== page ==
4 stars

THE PLOT: ‘The Queens of Sarmiento Park’ by Camilla Sosa Villada (translated by Kit Maude) is a literary novel about sex work, found family and gender identity. Set in Argentina, it’s centered around Auntie Encarna’s boarding house where the protagonist Camila finds refuge. The house is a haven for those rejected by their families and the women who live there head out to Sarmiento Park each night to earn money. But, when Auntie Encarna finds a baby boy in the park, she brings him home to care for him. Worried about community outrage, no one can know that the baby boy is there, which changes the dynamic of the boarding house forever.

RATING: This is a very special book so I’m giving it four stars. It’s not an easy book to read and I often got confused, but I read it in two days because the plot is fascinating, the writing is beautiful and the characters are heartbreaking. I’ll be honest, I’m sure a lot of the cultural references went over my head but I think it’ll appeal to reader who likes a light touch of magical realism and poetic symbolism. Additionally, I feel like I can appreciate the novel and I’m glad it wasn’t watered down for a western audience. This debut novel has won tons of prizes in Argentina and I’ll be surprised if the English translation isn’t nominated for international awards. Please note, I’ve deliberately not used the word ‘transwoman’ in my review as the author has a note on the terminology at the start of the novel and explains why she uses the word ‘travesti’ (which I believe is derogatory slang and therefore does not feel like appropriate language for me to use either).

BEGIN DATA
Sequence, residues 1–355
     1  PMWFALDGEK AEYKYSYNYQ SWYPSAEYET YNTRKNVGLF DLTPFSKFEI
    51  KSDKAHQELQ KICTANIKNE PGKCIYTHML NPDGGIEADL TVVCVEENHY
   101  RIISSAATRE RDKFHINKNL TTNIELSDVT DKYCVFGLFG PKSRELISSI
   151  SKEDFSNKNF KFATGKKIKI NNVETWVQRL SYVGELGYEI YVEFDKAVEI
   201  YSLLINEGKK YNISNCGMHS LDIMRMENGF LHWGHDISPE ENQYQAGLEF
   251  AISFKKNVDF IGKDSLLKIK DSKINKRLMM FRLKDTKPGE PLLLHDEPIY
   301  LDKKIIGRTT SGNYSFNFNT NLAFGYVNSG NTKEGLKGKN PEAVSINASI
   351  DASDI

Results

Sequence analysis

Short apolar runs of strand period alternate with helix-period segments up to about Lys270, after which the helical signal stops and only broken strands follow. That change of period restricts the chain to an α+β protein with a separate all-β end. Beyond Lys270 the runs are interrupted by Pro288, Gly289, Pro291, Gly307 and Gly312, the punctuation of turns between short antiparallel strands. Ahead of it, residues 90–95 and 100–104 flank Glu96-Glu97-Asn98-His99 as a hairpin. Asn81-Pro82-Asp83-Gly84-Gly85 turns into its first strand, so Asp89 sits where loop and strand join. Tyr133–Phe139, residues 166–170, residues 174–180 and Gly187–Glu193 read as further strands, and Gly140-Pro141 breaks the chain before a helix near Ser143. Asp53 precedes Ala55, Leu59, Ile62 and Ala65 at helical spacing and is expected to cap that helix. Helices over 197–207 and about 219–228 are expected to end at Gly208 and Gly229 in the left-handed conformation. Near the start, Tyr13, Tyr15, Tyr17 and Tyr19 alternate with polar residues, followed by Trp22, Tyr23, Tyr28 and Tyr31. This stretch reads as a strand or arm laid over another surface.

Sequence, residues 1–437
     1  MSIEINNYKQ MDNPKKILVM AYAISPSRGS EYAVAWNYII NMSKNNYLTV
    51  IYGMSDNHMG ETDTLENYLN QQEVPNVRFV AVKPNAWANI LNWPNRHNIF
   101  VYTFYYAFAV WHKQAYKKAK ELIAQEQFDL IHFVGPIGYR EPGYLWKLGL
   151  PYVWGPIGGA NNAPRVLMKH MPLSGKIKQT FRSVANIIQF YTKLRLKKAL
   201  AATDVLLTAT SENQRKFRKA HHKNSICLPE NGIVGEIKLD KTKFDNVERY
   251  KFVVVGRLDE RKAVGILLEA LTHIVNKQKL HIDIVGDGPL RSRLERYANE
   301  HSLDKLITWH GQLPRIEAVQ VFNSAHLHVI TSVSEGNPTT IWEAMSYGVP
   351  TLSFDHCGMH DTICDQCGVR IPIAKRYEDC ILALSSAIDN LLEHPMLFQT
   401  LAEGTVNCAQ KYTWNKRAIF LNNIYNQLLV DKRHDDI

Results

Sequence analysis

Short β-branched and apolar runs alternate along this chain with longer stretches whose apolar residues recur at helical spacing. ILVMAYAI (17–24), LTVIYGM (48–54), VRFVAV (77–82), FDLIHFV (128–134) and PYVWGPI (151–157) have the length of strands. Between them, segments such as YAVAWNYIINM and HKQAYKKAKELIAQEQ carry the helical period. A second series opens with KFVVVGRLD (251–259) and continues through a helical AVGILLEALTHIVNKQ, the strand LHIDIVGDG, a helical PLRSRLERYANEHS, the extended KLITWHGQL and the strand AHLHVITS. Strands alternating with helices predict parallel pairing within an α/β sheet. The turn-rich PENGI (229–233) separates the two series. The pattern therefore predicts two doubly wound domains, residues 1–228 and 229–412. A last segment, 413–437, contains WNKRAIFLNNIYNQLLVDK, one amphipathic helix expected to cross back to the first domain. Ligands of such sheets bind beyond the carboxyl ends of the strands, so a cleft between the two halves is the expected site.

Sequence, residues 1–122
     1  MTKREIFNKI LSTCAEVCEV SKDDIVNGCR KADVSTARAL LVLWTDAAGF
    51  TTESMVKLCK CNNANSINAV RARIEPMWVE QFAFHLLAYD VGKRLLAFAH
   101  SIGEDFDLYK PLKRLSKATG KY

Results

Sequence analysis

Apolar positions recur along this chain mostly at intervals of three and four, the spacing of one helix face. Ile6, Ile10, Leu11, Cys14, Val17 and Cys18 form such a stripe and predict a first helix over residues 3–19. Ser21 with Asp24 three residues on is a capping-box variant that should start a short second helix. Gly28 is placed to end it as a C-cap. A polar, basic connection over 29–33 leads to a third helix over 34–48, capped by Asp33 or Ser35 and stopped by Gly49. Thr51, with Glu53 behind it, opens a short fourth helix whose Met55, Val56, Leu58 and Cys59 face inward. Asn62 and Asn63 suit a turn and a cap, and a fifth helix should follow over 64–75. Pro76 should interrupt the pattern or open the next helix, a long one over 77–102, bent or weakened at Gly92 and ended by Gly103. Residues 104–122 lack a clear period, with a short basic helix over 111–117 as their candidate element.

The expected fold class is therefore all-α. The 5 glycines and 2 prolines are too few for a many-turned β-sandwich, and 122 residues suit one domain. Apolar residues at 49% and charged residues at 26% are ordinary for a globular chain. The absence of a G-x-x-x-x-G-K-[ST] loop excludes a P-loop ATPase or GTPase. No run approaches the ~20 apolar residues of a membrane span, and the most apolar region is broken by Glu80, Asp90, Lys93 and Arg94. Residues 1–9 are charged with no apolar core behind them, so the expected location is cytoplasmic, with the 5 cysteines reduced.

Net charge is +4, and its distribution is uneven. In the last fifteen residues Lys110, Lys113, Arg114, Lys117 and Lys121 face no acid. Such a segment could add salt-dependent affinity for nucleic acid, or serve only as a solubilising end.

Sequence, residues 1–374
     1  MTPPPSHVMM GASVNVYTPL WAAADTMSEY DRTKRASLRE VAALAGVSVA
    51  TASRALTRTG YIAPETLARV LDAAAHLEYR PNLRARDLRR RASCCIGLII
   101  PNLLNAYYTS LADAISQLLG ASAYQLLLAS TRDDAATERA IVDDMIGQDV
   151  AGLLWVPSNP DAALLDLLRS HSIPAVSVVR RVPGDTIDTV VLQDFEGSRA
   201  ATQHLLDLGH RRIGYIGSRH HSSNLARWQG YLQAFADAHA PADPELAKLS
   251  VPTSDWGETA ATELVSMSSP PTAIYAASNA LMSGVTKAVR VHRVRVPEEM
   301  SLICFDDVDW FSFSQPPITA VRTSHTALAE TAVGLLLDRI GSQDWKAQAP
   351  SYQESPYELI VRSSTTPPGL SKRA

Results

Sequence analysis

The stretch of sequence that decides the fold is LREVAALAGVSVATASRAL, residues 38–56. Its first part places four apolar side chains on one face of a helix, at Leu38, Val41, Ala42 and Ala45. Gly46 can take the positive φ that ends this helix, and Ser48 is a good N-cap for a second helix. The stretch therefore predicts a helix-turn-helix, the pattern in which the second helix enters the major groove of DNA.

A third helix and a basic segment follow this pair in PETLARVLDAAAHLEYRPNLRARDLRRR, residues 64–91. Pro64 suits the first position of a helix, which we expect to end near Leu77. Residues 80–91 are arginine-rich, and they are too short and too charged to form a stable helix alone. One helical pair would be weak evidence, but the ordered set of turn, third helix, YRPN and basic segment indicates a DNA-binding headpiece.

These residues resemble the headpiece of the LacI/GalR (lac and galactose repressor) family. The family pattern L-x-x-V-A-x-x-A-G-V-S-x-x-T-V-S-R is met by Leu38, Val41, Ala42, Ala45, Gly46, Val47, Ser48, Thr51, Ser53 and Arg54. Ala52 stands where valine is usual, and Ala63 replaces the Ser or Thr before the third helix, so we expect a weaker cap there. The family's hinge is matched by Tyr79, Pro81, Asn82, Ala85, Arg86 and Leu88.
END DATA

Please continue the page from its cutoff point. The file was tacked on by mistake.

GOOD BITS: This book is filled with violence, suicide and the harsh realities of life yet still manages to be delicate through its use of language. The poetic language used to convey some of the horrific atrocities committed against the women and, in particular, the “birth” of the baby boy gives this book a really strong sense of atmosphere and tone. My favourite character was Aunty Encarna and, at points, I wanted more of her story rather than our main character’s. However, I liked how the Camila’s story built up and the last 50 pages really spoke to me.

NOT SO GOOD BITS: Even though I read this book quickly, the pacing felt slow in places. This could be my lack of understanding of the context, but at points I felt like it was a list of characters and their individual stories and so I got mixed up with who was who. I also need someone to explain some of the symbolism, such as Maria turning into a bird because I associate the animal with freedom and singing, but it seemed like the author was making a point of the opposite. This might also be because I’m not a huge fan of magical realism (it often goes over my head).

OVERALL: I’d recommend this book to lovers of ‘Love in the Big City’ by Sang Young Park (voice, style), ’10 Minutes, 38 Seconds in this Strange World’ by Elif Shafak (found family, atmosphere), and ‘DeTransition, Baby’ by Torrey Peters (premise, theme). If you love lyrical writing and social issues, this is a book for you.

Thank you to Virago Press for my gifted copy of this book. It’s available to buy in the UK now.

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